Summit Up 3-9-13: When numbers and phobias collide |

Summit Up 3-9-13: When numbers and phobias collide

After a four-and-a-half-hour accent of almost 7,000 vertical feet, Quinn Weinberger enjoys some hometown reading and a view of both the Caribbean and Pacific from atop the 14th highest point in Central America and highest point in Panama — 11,401 ft. Volcan Baru in Panama.

Good morning and welcome to Summit Up, the world’s only daily column that wants to know what the number 13 means to you.

As many of us in Western culture are aware, 13 is considered a really unlucky number. There are various theories as to why this particular number appears so sinister.

Religion and mythology aren’t all that friendly to the number 13. One particular Norse myth relates a story about 12 gods sitting around a table, feasting and doing whatever gods do when they party together, when suddenly the god of mischief, Loki, walked in, making him the 13th member. The Norse weren’t too fond of Loki, and no surprise, as he apparently then arranged for a blind god to accidentally shoot Balder the Beautiful, which everyone was pretty upset about. Even today Loki gets a bad rap, as seen in the 2012 movie “The Avengers.”

Biblical references to 13 are gloomy as well, naming Judas as the 13th guest to the Last Supper. Ancient Rome took it a step further, believing that when witches gathered in groups of 12, the devil made up the 13th member.

The number 12 certainly holds a much better reputation – 12 gods on Olympus, 12 months in a year, 12 signs of the zodiac, 12 labors of Hercules, 12 tribes of Israel and 12 apostles of Jesus, to name a few.

Superstition of 13 can be seen today, as some buildings don’t declare a 13th floor, but go straight from 12 to 14.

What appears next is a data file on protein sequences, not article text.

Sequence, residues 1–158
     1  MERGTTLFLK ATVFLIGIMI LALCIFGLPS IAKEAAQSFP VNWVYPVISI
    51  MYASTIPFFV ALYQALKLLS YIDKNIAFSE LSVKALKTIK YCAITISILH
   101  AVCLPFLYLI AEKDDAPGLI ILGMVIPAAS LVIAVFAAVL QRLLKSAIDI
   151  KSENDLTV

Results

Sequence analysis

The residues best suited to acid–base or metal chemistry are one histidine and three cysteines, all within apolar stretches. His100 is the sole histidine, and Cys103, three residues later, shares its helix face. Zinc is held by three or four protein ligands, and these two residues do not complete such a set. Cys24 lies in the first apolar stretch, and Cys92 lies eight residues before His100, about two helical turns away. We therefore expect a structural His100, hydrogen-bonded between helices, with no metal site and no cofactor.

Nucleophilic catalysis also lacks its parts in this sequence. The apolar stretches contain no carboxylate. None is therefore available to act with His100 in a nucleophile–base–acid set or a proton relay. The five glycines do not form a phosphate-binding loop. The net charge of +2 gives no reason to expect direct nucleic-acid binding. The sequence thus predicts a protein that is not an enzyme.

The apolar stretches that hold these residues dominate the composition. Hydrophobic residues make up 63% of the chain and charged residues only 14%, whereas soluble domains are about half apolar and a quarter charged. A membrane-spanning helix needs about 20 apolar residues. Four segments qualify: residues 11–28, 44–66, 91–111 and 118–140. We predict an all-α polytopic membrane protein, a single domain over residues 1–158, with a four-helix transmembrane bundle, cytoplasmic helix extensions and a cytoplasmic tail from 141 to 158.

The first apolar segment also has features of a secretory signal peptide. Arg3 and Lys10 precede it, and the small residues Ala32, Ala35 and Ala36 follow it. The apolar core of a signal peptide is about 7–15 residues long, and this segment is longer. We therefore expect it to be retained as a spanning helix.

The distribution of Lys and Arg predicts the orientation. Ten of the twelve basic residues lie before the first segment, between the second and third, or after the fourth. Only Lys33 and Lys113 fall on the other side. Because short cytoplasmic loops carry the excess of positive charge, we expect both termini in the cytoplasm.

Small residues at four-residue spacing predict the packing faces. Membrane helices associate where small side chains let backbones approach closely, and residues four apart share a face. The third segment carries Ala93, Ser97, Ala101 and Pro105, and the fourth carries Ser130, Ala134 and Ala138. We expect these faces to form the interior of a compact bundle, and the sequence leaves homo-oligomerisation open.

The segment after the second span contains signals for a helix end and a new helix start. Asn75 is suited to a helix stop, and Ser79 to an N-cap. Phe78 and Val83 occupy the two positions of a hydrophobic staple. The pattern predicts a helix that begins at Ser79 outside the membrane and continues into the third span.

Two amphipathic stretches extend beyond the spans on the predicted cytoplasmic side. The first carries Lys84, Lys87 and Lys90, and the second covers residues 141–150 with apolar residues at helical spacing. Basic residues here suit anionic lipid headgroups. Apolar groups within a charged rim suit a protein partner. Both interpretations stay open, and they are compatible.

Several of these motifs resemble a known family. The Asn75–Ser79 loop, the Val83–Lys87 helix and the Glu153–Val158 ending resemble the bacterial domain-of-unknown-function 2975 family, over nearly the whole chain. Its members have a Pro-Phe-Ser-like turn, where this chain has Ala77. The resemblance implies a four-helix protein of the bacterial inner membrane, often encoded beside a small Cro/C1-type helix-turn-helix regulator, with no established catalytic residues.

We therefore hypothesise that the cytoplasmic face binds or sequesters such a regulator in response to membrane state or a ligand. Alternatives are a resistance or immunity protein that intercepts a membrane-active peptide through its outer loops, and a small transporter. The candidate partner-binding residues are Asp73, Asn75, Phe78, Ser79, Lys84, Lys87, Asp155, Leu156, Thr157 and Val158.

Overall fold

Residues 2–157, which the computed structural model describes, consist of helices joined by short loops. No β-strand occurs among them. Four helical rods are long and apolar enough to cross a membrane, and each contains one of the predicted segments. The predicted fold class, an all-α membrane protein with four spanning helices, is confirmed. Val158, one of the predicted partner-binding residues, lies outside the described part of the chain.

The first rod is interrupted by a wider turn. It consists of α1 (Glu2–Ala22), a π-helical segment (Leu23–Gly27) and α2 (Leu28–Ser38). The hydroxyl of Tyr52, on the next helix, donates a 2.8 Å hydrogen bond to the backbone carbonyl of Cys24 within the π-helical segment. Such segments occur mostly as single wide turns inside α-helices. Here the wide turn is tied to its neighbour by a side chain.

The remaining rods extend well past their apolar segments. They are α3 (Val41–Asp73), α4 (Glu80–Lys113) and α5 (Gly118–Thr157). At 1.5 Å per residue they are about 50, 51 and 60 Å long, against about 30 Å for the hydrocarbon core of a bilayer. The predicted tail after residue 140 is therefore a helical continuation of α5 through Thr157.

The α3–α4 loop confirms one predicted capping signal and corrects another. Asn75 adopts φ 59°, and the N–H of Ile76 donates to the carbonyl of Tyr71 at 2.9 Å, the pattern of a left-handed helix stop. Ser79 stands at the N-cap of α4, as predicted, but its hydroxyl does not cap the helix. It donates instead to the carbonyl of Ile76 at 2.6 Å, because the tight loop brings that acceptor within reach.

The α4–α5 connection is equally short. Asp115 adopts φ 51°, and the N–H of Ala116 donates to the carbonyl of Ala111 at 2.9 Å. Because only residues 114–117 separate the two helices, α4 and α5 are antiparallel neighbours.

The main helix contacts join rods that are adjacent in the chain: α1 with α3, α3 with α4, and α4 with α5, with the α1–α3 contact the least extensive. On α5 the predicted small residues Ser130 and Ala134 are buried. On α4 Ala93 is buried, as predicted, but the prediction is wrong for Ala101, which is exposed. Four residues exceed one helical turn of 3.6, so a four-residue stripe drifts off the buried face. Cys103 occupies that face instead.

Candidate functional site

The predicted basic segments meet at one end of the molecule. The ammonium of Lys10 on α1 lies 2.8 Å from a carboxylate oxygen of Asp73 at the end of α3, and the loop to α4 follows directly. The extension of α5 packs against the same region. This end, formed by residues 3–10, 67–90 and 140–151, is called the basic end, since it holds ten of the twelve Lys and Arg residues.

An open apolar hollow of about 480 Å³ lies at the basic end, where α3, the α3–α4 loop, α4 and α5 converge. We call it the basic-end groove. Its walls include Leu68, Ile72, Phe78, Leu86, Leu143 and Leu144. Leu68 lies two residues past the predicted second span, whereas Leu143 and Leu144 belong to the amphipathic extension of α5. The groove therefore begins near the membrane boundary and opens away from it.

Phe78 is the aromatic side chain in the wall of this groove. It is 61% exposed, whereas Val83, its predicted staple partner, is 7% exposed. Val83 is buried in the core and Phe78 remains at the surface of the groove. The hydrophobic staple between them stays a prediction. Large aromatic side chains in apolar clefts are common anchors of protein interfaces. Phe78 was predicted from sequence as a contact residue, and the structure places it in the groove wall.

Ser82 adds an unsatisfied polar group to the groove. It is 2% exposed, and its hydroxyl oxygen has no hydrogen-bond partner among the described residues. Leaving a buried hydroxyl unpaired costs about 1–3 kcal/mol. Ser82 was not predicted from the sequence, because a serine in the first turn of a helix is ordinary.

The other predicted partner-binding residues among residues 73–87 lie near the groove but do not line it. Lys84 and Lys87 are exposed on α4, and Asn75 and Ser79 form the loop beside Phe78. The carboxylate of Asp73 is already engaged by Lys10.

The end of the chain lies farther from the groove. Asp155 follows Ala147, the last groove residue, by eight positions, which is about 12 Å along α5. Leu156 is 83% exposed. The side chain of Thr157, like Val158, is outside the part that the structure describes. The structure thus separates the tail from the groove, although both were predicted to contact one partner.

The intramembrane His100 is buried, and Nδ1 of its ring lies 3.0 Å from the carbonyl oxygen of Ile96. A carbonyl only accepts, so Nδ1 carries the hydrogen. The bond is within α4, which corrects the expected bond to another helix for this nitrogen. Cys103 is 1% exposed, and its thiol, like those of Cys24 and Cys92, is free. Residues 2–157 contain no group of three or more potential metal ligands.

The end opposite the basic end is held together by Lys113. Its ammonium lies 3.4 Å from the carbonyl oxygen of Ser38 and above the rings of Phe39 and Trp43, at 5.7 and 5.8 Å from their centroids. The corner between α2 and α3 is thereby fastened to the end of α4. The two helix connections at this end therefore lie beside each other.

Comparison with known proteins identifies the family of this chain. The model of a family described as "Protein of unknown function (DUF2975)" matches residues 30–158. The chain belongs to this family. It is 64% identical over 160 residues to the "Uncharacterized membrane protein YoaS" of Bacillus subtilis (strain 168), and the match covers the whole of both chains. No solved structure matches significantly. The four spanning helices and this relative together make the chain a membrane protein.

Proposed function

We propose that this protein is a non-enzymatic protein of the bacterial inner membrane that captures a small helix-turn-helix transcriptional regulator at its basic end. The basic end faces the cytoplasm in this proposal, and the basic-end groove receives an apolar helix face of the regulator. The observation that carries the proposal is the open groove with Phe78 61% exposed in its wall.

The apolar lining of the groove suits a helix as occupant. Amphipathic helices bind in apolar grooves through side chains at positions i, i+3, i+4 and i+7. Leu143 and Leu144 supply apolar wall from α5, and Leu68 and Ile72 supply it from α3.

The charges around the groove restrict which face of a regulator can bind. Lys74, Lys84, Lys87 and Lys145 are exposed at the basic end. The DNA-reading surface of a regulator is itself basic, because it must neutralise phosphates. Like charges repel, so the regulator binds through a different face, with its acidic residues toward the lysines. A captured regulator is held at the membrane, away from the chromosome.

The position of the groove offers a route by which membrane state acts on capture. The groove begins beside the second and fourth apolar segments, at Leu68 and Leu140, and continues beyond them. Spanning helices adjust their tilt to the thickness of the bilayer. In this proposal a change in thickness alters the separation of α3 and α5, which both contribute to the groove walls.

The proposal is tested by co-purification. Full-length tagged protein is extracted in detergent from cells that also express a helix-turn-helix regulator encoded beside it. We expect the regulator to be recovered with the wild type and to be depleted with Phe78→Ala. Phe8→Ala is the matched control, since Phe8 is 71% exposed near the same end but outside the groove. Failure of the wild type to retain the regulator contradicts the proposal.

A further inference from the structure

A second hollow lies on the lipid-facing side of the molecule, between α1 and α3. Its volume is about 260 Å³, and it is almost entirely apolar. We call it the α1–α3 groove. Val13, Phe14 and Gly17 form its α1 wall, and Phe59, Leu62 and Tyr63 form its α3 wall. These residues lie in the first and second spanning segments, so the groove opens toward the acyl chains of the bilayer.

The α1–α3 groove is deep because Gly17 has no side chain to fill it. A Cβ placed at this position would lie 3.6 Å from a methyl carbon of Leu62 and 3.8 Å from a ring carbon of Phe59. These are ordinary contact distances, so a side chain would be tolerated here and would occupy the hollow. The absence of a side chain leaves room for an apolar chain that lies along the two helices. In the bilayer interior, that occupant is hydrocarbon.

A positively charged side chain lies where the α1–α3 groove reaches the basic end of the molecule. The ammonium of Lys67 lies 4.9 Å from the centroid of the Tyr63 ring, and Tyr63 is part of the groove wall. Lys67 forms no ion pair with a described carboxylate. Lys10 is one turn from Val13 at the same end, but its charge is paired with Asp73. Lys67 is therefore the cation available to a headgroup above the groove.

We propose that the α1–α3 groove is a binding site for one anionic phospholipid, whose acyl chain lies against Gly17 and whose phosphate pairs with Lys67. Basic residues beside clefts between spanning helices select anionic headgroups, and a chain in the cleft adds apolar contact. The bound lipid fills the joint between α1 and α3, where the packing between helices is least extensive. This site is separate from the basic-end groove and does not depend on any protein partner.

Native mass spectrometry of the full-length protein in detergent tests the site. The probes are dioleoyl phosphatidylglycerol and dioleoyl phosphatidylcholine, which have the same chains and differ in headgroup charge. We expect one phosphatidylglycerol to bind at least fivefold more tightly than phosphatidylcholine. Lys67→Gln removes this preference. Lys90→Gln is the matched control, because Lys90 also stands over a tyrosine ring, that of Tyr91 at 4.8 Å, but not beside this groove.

Then, as if 13 wasn’t scary enough, they had to bring Fridays into it. Friday the 13th, as any lover of horror movies know, is a bad luck combination waiting to happen. It’s so terrifying, in fact, that there is even a name for having a phobia of the number 13 (Triskaidekaphobia) and of the date Friday the 13th (Paraskevidekatriaphobia). You’re welcome, Scrabble enthusiasts. “Triskaideka,” if you were wondering, is Greek for the number 13. Because if you’re going to have a phobia, putting it in Greek makes it sound much more serious.

If you’re worried about 13, either on or off a Friday, take a trip over to Asia, where it has no bad luck power at all. Just know that you’ll be exchanging one number for another, in a sort of frying pan/fire type of move. In Eastern cultures, the number four holds the most superstitious fear. In the Chinese language, the word for four (“si”) is very similar in pronunciation to the word for “death.” So if you’re headed up a building in a Chinese elevator, you may see number 13 on there, but there won’t be anything between three and five. This is called “Tetraphobia” and has nothing to do with fear of the game Tetris.

Italy, according to the all-knowing Internet, is also afraid of the number 17 because of the way it is written in Roman numerals (XVIII) which is an anagram of the Latin word “Vixi” meaning “I have lived” which is a euphemism for “I am dead.” Seems like kind of a stretch, Italy.

If you’re looking for a really killer Scrabble play, may we suggest “Hexakosioihexekontahexaphobia.” Don’t ask us how to pronounce it, but according to Wikipedia it is phobia of the number 666, which is often referred to the Number of the Beast, a representative of the devil.

Well, that’s about as much math as we like to do in a day around the Summit Up HQ. We’re really more word people, after all. But we will tell you that the next Friday the 13th is this September. We out.

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